Nov. 11 2011 10:35 AM
Mike from Inwood

John from NYC: Perhaps you do not know math but plenty of Americans do. People with degrees in mathematics have a hard time finding jobs. Employers want to hire the Indians and the Chinese because they are docile and will work for less.

Nov. 11 2011 10:33 AM
Amy from Manhattan

I think another reason that Americans who haven't served don't understand those who have is that we don't see what they go through on the news the way we did during the Vietnam War. Starting w/the 1st Persian Gulf War, the gov't. has put such tight control on what the media can show--including the arrival home of troops in coffins--that many younger Americans have never seen real, close-up war footage.

Nov. 11 2011 10:33 AM
AFrazier from Carroll Gardens, Bklyn

Although it would have been the right thing to do, the US Senate did not unanimously pass the legislation designed to give employers tax breaks for hiring military veterans.

The good senator from South Carolina, Jim DeMint, describing the measure as “inherently unfair,” stated that he “did not believe the government should privilege one American over another when it comes to work,"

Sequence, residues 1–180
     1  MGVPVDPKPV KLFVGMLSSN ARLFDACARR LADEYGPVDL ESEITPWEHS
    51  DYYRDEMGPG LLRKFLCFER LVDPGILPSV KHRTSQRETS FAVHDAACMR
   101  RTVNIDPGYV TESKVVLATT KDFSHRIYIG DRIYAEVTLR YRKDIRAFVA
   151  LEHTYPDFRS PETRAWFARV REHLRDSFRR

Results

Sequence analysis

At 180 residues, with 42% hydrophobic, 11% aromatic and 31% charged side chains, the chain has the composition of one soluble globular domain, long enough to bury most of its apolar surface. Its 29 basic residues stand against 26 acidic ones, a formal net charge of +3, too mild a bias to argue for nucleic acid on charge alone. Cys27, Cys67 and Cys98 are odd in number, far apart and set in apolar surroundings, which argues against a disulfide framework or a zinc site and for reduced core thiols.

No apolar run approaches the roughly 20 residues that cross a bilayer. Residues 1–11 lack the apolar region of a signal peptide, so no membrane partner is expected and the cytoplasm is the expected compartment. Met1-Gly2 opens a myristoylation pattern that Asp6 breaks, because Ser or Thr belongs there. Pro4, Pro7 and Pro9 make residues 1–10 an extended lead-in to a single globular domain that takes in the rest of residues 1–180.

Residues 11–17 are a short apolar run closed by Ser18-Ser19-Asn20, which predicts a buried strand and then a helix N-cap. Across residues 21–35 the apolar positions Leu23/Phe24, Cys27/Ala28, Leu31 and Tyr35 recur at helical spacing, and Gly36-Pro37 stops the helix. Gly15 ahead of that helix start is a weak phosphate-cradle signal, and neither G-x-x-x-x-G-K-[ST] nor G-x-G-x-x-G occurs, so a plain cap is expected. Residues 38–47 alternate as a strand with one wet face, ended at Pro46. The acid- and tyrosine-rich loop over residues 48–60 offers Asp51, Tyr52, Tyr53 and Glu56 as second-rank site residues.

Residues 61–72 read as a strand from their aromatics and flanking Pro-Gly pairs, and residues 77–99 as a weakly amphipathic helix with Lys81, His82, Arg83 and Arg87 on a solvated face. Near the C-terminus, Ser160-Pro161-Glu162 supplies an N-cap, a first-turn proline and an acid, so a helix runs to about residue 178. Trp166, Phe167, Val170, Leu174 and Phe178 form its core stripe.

Senator DeMint then voted against the measure. The legislation passed 94-1.

Nov. 11 2011 10:33 AM
John A.

Soldier's Father:
We have no farther to look than: "Corduroy Appreciation on 11/11/11".

Nov. 11 2011 10:31 AM
Mike from Inwood

Who is Matt Gallagher to talk about 8-hour days? Obviously, he's never ben chained to a Blackberry and working 24/7.

Nov. 11 2011 10:30 AM
Mike from Inwood

For the most part, people join the military because it is their best financial option. Many have not graduated from high school. They've spent their formative years learning to obey orders in stressful situations, not thinking creatively to solve problems in new ways. They were not the cream of the crop to start with and some are now damaged goods.

Why are people hesitant to hire vets? Do employers need people who can follow orders in stressful situations or people who can think creatively to redesign things?

Nov. 11 2011 10:29 AM
John from NYC

gavel writes:

"By his definition, John must be in the general workforce, because that is the most incompetent, moronic statement ever posted on this site."

Argument by name calling.

I could make the argument, but try Thomas Friedman's -- That Used to Be Us: How America Fell Behind in the World

Try to hire someone who can do math -- why the pleading from American industry to let in to the country well educated Chinese and Indians -- they can do math.

Nov. 11 2011 10:28 AM
Robbie

Thank you for service in killing, maiming, raping, and otherwise traumatizing millions of people who did nothing to you. Show is a joke and bore.

Nov. 11 2011 10:25 AM
Tom P from Fanwood, NJ